By Noah Hubbell
By Kiernan Maletsky
By Tom Murphy
By Noah Hubbell
By Alex Distefano
By Darryl Smyers
By Jon Solomon
By Britt Chester
Rakim is among the most universally revered MCs. Growing up in Long Island, the self-described microphone fiend teamed up with Eric Barrier to form Eric B & Rakim, one of the most formidable duos in hip-hop history. In 1987, the group dropped the timeless Paid in Full, and Rakim's flow demanded respect as he showed that he could rock the party as well as tell a captivating story. His lyrics revealed a writer developing his craft. After Paid in Full — an essential record for any hip-hop fan — Eric B & Rakim created some classic tracks, but eventually the relationship went south, and Rakim went off on his own. His solo efforts, 1997's The 18th Letter and 1999's The Master, generated mixed reactions. Expectations were high in 2000, when Rakim signed with Aftermath to record with Dr. Dre, but the two never meshed aesthetically and ended up parting ways. Now Rakim is set to launch his label, Ra Records, with an album he says will "help put hip-hop back to its right state."
Westword: When is The Seventh Seal coming out, and what is the significance of the title?
Rakim: We're going to drop the album at the end of January next year. The significance of the title is where the state of hip-hop is. I'm using a metaphor of the Seventh Seal, and I speak about Revelations and hip-hop.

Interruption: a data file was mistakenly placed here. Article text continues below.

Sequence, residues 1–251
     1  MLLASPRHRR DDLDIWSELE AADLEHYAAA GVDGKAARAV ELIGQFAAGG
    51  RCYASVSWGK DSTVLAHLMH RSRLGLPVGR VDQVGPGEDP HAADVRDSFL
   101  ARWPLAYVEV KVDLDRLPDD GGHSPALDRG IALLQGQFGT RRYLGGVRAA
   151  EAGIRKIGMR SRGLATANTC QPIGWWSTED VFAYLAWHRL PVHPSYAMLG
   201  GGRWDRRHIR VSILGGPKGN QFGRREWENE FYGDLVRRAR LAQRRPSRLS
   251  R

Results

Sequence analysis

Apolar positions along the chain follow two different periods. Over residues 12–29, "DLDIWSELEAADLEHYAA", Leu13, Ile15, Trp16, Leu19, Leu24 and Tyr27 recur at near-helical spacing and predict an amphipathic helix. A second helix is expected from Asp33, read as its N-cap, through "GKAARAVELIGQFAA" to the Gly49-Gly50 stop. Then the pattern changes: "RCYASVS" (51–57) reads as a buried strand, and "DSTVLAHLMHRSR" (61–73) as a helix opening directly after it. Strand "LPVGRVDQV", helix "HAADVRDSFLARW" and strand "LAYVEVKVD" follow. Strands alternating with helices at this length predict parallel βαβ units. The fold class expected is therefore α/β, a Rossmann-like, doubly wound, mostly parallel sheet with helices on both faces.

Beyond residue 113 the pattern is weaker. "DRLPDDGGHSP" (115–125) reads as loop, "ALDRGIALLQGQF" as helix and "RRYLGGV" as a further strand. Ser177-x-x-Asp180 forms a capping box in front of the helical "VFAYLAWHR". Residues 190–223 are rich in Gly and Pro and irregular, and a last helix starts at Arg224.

As a respected elder, when you talk about the state of hip-hop, how would you like to see the culture improve?
Lyrical content. At this time, I would like more rappers to take responsibility for some of the things going on in the hood. Like it or not, we are role models. I think the main reason is because hip-hop is closer to home than a Hollywood movie to a lot of neighborhoods that buy hip-hop. So we definitely have a heavy influence on the kids in the neighborhood. I just want a lot of us to realize that so we can make a little more conscious music and save the state of hip-hop and save the neighborhoods at the same time. It is possible because hip-hop is that powerful.
Speaking of cultural influences, how much did jazz have an influence on you?
There wasn't a day in my house that we didn't hear a jazz record. My mother sang opera to jazz music coming up in Brooklyn, and my father loved every music that was made; we had a lot of music in the house. My brothers and sister played instruments — my sister sang, and I also played saxophone and a little drums. So it was definitely a big influence. When I started rhyming, my favorite rhythms were from John Coltrane and some of the things he did on sax. And certain rhythms that I hear on drums, I try to emulate with my words, dropping on the same patterns that them beats or them notes would hit. So I started developing a style, and it was all right.
What would you like to be known for as far as your contribution to hip-hop goes?
I guess somebody who love what he do, somebody who respected the genre, somebody who respected the hood and was one of the greatest ever. If I can keep that on my title, I think my job is more than done.
Visit Backbeat Online for more of our interview with Rakim.